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Looking back at NCAA tourney's first 4 days

A year ago, after getting snubbed on Selection Sunday, Butler became the poster child in the debate over giving good mid-major teams at-large bids.

Although the Atlantic Coast, Big East, Big Ten, Big 12, Conference USA, Southeastern and Pac-10 still racked up the majority of the at-large bids, the selection committee listened to complaints by awarding seven of the 34 at-large bids to mid-major teams, including Butler.

By the end of the first weekend, Brigham Young, Gonzaga, Saint Joseph's, Southern Illinois, Utah and Xavier were sent packing, but Butler certainly backed its case.

In a year when Cinderella didn't stay long at the ball, the Bulldogs are the only midmajor still wearing glass slippers.

After squeaking by fifth-seeded Mississippi State, 47-46, in the first round, 12th-seeded Butler stormed into the Sweet 16 by upsetting fourth-seeded Louisville, the Conference USA champion, 79-71.

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The Bulldogs and 10th-seeded Auburn, which upset No. 2 Wake Forest in the East, are the only double-digit seeds to advance to the Sweet 16.

By the way, Butler's gym is the one used in the movie "Hoosiers."

BIG BEAST

The Big East felt slighted when just four of its 14 teams received bids to the tournament. The Beast of the East bit back by placing all four (UConn, Notre Dame, Pittsburgh and Syracuse) in the Sweet 16. No conference has more.

THE MADNESS OF MARCH

It might not have had the drama of the 1981 tournament when 11 of the first 40 games were won in the final 5 seconds, but the opening weekend this year did its part to keep you on the edge of your seat.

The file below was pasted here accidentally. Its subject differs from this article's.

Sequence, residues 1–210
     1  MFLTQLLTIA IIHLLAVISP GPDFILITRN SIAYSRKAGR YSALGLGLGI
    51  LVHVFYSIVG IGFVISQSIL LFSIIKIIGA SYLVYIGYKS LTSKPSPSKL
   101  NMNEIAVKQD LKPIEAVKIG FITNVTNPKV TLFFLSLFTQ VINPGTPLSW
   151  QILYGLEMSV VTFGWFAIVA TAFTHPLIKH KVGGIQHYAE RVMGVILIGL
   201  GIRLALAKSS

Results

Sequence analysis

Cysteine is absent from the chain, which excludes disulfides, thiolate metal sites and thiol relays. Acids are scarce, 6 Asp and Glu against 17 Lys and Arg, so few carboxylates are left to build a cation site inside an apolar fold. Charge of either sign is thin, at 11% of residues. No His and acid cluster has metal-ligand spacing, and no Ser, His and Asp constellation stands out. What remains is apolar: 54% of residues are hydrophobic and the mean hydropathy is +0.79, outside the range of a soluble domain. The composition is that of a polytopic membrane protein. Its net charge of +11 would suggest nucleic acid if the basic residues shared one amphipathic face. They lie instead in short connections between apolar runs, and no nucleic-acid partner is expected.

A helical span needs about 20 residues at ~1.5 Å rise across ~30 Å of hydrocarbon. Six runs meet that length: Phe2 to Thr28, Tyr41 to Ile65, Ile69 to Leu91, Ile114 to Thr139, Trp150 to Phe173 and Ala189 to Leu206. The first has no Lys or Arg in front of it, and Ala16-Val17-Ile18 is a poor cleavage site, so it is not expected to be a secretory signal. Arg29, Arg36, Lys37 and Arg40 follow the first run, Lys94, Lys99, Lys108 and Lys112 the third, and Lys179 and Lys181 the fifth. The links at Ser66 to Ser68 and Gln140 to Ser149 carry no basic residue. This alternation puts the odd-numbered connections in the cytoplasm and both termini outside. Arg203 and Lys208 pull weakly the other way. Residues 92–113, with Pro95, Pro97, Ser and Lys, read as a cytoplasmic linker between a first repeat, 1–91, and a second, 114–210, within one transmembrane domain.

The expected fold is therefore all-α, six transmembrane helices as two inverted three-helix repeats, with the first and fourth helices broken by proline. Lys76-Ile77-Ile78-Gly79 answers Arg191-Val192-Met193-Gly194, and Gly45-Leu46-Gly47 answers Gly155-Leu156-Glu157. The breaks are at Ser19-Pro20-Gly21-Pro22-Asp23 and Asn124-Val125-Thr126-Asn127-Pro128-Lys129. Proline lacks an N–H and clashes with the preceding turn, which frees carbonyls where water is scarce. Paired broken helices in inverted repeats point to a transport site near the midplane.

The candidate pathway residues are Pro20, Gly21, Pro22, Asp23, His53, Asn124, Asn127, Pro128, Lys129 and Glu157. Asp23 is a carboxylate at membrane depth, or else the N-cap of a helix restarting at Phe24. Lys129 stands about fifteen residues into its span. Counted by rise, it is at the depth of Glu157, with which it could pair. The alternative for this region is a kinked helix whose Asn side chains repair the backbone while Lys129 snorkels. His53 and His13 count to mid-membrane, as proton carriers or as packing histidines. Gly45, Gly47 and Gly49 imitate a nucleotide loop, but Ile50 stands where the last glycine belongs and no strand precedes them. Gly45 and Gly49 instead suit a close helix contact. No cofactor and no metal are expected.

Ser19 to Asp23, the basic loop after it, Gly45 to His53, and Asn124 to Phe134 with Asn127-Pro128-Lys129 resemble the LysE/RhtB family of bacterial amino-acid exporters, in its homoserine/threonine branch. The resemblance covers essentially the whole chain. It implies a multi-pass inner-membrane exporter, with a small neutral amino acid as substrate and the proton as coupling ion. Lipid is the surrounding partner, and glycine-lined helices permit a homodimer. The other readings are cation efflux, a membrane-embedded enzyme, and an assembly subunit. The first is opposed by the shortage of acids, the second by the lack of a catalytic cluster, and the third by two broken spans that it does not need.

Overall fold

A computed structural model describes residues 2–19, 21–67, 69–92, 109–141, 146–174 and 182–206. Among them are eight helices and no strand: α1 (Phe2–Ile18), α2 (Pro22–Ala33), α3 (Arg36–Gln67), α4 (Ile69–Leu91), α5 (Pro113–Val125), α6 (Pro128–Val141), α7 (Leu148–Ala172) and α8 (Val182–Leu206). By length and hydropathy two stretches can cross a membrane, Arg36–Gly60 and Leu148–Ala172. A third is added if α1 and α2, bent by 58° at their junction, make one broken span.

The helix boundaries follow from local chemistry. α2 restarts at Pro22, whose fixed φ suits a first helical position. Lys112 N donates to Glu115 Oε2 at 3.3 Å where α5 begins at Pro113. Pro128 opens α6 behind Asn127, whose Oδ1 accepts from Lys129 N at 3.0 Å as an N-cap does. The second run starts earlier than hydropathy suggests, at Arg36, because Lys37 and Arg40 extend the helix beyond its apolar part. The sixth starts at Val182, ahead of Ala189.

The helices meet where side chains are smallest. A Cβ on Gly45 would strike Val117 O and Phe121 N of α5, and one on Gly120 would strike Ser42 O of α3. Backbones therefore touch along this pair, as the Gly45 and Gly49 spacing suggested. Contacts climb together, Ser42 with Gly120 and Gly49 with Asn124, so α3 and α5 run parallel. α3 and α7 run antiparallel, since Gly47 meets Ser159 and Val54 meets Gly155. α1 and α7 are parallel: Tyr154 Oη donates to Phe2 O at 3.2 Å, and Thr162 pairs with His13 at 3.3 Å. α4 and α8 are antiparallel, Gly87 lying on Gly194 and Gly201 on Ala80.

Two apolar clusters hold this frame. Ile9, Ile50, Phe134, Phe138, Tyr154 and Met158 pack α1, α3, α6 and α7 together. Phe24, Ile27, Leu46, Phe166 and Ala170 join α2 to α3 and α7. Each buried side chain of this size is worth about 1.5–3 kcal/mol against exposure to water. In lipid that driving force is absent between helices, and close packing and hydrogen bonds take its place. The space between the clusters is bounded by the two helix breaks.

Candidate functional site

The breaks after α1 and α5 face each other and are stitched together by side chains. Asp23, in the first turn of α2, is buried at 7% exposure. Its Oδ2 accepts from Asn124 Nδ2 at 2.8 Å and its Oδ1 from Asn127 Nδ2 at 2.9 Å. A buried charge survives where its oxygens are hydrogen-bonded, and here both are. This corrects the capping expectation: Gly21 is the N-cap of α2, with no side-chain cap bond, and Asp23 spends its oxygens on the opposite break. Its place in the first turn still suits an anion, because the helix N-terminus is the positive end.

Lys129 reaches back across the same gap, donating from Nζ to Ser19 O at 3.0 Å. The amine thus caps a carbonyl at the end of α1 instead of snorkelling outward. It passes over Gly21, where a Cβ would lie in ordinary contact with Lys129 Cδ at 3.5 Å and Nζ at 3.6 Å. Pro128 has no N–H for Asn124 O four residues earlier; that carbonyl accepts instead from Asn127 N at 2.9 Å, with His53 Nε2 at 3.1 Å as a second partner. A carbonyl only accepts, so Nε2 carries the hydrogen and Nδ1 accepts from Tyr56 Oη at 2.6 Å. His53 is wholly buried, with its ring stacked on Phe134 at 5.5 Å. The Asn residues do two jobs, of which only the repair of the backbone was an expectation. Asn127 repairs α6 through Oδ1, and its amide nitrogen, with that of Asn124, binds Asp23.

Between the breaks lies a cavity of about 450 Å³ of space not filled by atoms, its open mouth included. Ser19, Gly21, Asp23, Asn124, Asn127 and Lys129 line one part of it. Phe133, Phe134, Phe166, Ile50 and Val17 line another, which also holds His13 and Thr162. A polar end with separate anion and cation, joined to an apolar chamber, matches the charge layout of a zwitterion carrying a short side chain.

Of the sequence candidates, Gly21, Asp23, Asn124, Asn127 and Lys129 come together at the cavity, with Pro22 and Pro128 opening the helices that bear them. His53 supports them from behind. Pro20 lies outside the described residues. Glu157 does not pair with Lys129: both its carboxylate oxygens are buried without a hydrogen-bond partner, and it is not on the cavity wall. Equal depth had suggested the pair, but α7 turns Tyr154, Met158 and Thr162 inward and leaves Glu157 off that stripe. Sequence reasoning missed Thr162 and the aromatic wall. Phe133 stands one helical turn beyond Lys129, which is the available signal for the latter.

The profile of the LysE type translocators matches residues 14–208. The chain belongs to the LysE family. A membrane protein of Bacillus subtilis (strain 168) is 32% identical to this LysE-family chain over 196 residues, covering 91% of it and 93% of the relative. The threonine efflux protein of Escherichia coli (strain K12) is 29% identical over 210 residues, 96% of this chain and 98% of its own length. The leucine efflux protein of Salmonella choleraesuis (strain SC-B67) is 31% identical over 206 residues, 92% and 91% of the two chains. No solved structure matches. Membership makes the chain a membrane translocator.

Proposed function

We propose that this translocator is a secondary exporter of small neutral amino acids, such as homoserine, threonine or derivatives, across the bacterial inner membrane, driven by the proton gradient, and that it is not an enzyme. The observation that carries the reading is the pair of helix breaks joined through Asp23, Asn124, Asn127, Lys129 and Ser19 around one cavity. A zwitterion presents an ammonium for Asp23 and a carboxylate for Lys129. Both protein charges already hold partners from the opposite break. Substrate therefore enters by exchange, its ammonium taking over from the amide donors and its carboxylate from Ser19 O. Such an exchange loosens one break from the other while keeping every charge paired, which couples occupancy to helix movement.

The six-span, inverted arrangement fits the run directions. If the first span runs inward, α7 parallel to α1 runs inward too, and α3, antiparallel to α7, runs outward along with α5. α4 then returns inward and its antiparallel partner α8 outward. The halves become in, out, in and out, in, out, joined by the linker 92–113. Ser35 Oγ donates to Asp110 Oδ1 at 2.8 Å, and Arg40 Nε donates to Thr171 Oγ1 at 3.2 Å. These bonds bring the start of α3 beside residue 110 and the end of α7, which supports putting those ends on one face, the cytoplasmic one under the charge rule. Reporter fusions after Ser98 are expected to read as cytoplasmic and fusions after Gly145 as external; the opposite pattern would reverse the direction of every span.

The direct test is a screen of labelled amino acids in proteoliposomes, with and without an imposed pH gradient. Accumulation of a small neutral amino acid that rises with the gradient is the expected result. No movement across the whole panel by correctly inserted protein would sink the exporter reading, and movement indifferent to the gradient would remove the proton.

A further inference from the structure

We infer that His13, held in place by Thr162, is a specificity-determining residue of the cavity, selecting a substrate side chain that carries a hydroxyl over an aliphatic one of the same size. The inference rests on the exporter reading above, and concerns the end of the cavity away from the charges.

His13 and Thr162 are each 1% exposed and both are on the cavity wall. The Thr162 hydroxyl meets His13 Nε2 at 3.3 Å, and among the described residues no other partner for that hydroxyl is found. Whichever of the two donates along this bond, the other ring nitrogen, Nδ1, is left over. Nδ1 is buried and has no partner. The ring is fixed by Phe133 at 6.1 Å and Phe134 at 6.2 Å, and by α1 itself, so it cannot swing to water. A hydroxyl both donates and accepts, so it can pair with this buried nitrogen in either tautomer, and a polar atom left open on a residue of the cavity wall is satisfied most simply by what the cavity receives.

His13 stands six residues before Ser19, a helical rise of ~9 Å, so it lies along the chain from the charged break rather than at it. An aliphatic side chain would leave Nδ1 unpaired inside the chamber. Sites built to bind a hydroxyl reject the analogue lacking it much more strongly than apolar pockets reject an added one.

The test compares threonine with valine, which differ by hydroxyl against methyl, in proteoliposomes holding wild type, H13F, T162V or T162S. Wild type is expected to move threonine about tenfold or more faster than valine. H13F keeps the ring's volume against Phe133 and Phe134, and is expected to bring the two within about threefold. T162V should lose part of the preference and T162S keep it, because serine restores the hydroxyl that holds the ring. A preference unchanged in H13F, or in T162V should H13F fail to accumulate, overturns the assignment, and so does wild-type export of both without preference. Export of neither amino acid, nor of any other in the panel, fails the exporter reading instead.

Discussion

With 49 games down, we already have seen 11 games decided by three or fewer points.

INSTANT CLASSIC

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Arizona, the top seed in the West, has a history of losing to lower seeds. Ninth-seeded Gonzaga has been known to knock off big boys.

So it came as no surprise that the Wildcats and Zags would need two overtimes to decide their second-round game.

Salim Stoudamire put 'Zona up 96-95 by sinking a floater in the lane with just more than 2 minutes left in the second overtime. But the 'Cats had to sweat it out as Gonzaga had several chances down the stretch.

The Zags missed their final chance at the upset when Blake Stepp missed a 5-foot, followup bank-shot attempt just before the buzzer.

Gonzaga's Tony Skinner forced the first overtime by putting in a follow shot at the buzzer to tie the score at 78.

Luke Walton took Arizona into the second overtime by scoring with 4.1 seconds remaining to make it 89-89.

"If you did not care who won, it was a great college basketball game," Arizona coach Lute Olson said.

SHOT OF THE TOURNAMENT

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Full accolades to Richard Midgley, who pushed California past North Carolina State with a three-pointer in overtime and Wisconsin's Freddie Owens, who swished a three-pointer with 1 second left to beat Tulsa. The shot of the tournament so far was by Maryland guard Drew Nicholas.

With the Terrapins down, 73-72, to North Carolina-Wilmington and looking like they would become the first defending champion to lose in the first round since UCLA in 1996, Nicholas took an inbounds pass with five seconds left, dribbled downcourt, took off and in full stride, launched an off-balance, fadeaway three-pointer with 0.5 seconds left.

The shot swished to give the Terps a 75-73 victory.

FRAUD FIVE

5. Alabama: The team that once was No. 1 in the nation got bumped out in the first round.

4. Dayton: Won the Atlantic 10 Tournament, received a No. 4 seed, and got whipped by Tulsa in the first round.

3. Creighton: Ranked in the Top 25 all season, lost to Central Michigan in the first round.

2. Wake Forest: The No. 2 seed squeaked by 15th-seeded East Tennessee State in first round, lost to 10th-seeded Auburn in the second.

1. Florida: The second-seeded Gators finished the season by losing four of five, then got crunched by Michigan State, 68-46, Sunday.

John Smallwood

Knight Ridder Newspapers

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